Thursday, 28 February 2013

Digital keys - the combination of 5 breakthrough technologies

Digital keys perform all the same functions as smartcard and mag-stripe access control systems, yet they are more secure and convenient, they can be installed by anyone in minutes, and they are one-tenth of the price. What makes digital keys so special yet so affordable is that they don't require five key parts of their card access control predecessors.

Digital keys access control systems;

  1. don't require on-site mains power 
  2. don't require on-site networking, wiring, wi-fi or supporting infrastructure (e.g servers) 
  3. don't require cards 
  4. don't require on-site computers; 
  5. don't require on-site software. 

1. Ditch the on-site mains power. 

The battery powered electronic strike breakthrough

So whats so amazing here? Battery powered electronic locks have been around for ages. To understand this breakthrough though, you need to think of digital keys not as an 'electronic lock'. Instead think about digital keys devices as 'a reader and an electric strike' (in an access control system).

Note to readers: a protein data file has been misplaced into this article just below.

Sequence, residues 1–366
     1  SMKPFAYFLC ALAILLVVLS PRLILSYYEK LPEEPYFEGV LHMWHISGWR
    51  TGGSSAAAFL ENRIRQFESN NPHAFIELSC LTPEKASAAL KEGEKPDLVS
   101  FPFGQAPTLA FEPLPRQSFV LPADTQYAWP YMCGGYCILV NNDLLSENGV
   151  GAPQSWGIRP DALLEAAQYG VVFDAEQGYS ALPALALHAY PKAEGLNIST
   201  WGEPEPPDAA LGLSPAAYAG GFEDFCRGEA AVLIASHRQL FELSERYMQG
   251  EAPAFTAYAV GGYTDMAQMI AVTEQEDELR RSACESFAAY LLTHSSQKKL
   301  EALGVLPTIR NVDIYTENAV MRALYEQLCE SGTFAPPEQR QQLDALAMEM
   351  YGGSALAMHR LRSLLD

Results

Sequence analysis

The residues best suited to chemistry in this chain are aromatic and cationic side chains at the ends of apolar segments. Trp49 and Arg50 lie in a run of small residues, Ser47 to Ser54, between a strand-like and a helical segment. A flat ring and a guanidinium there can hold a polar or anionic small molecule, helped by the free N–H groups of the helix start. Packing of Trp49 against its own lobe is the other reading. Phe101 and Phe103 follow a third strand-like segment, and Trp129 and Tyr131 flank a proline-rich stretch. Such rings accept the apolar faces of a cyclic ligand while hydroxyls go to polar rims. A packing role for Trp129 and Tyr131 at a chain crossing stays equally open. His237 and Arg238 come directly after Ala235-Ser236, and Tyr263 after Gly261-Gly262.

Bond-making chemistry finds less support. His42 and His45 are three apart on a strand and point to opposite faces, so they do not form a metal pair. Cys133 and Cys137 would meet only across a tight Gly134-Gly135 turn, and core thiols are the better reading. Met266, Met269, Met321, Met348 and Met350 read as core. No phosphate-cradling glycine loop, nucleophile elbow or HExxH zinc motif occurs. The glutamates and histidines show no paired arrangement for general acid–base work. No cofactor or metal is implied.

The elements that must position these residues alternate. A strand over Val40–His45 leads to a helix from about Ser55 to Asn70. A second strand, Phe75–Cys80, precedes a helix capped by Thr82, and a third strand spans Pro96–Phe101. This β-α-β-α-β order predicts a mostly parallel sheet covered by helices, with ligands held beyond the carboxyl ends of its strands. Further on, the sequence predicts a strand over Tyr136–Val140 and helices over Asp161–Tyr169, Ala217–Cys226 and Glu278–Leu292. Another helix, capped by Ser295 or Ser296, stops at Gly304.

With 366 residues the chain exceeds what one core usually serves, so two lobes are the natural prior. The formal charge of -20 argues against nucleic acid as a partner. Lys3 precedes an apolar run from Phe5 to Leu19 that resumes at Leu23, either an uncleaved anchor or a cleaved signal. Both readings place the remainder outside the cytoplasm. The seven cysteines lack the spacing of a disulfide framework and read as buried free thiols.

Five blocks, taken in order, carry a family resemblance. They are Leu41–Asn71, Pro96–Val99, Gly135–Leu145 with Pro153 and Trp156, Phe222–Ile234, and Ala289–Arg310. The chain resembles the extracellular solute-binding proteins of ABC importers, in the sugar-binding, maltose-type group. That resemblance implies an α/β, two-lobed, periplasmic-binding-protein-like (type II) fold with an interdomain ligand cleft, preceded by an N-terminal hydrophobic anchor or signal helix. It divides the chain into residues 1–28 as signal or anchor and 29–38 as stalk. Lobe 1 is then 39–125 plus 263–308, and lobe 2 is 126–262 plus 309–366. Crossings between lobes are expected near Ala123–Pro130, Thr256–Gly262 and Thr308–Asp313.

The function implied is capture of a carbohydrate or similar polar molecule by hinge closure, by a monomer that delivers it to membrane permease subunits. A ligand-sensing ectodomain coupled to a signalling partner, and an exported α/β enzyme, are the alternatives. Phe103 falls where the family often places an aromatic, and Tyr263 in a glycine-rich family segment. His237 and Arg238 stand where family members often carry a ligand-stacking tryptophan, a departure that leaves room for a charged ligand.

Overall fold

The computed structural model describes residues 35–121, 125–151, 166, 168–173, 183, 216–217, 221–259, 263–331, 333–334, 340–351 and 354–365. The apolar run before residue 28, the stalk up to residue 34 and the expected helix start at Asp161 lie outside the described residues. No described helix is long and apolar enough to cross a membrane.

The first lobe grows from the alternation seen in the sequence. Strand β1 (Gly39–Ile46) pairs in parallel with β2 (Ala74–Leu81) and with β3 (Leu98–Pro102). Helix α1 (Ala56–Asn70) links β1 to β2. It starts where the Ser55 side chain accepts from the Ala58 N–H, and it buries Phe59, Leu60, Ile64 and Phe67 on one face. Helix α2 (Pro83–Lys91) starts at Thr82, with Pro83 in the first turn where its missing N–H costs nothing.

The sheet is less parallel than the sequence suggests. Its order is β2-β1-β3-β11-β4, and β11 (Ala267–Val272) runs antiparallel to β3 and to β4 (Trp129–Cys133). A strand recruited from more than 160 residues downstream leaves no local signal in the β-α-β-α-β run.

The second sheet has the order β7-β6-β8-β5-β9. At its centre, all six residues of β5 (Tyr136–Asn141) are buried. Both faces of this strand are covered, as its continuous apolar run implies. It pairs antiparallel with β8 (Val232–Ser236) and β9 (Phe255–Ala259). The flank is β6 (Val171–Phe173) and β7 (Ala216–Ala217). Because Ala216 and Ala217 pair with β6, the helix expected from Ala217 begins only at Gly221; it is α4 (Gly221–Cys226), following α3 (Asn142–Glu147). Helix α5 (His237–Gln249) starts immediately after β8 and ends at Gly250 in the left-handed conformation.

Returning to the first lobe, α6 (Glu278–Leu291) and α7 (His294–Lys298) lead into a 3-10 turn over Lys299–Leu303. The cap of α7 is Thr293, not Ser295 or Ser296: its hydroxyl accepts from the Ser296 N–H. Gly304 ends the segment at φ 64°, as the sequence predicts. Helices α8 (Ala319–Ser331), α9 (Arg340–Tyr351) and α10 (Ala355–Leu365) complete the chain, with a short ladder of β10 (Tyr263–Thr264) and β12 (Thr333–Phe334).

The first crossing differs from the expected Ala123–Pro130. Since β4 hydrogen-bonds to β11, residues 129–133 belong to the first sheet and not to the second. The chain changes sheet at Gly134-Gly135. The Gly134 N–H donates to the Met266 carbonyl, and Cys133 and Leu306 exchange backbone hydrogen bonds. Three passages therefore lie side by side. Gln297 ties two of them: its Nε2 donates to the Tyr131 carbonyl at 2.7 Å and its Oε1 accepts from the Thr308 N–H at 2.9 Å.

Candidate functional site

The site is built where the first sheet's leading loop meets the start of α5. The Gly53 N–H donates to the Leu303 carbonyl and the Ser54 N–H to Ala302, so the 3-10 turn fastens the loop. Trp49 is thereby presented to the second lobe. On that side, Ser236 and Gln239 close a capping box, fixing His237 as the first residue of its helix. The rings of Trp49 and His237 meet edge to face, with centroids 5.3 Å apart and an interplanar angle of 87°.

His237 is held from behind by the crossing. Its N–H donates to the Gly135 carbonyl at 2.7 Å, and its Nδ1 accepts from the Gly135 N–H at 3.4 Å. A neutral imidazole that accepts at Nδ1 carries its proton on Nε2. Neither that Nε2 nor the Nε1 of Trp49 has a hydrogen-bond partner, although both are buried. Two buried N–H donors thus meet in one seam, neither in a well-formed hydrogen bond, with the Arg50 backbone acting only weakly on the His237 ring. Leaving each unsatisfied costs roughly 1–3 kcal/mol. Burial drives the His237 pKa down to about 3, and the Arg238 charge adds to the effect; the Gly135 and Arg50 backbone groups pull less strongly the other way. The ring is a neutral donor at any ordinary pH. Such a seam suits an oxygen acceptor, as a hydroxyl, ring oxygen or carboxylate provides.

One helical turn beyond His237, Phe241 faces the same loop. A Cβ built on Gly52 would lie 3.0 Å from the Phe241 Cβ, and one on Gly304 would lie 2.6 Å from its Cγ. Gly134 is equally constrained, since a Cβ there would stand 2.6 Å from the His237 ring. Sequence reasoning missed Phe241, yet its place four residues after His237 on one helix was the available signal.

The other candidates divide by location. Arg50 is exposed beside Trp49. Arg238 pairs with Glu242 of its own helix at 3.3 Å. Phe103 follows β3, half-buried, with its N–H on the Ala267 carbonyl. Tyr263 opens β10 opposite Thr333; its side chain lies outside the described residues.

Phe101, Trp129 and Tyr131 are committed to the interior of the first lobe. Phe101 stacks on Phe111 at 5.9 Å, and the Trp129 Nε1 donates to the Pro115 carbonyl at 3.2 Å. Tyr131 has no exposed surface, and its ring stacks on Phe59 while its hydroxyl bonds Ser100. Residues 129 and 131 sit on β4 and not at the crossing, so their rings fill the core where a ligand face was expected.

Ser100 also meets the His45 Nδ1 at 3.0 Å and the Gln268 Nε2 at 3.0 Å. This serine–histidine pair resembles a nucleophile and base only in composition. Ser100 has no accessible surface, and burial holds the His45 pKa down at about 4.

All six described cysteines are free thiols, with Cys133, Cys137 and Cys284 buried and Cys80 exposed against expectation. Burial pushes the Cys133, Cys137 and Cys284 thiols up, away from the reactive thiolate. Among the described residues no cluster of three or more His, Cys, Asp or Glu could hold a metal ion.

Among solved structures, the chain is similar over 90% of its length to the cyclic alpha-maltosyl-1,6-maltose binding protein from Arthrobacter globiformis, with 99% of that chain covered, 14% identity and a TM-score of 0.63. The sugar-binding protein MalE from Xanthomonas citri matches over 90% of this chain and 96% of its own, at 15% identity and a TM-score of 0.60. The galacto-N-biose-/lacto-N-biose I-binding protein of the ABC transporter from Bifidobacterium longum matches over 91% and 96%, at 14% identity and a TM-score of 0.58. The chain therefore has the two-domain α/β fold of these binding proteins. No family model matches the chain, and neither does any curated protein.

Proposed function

So what is a reader and electric strike and an access control system? Think of office and hospital smartcards. Do you know that little metal thing that sits inside the door frame that catches the knob that comes out of the door lock, well that's called a 'strike' or 'striker faceplate'. Put some power behind it, and its called an 'electric strike'. 

With smartcard systems, the strike pivots out of the way when you present your access card to the reader, enabling you to push the door open. And the reader is that little grey or black plastic box on the wall that you present your card to. 

The reason why that little black box is called a 'reader' is because after you present your card, the circuit board inside the box 'reads' the information on your card. Then it reads the same information on a computer to see if it matches. If it matches the door opens. So the reader has to be connected to a computer at all times. The connection is generally with wiring(although nowadays there are wi-fi connections). So hence the need for onsite power.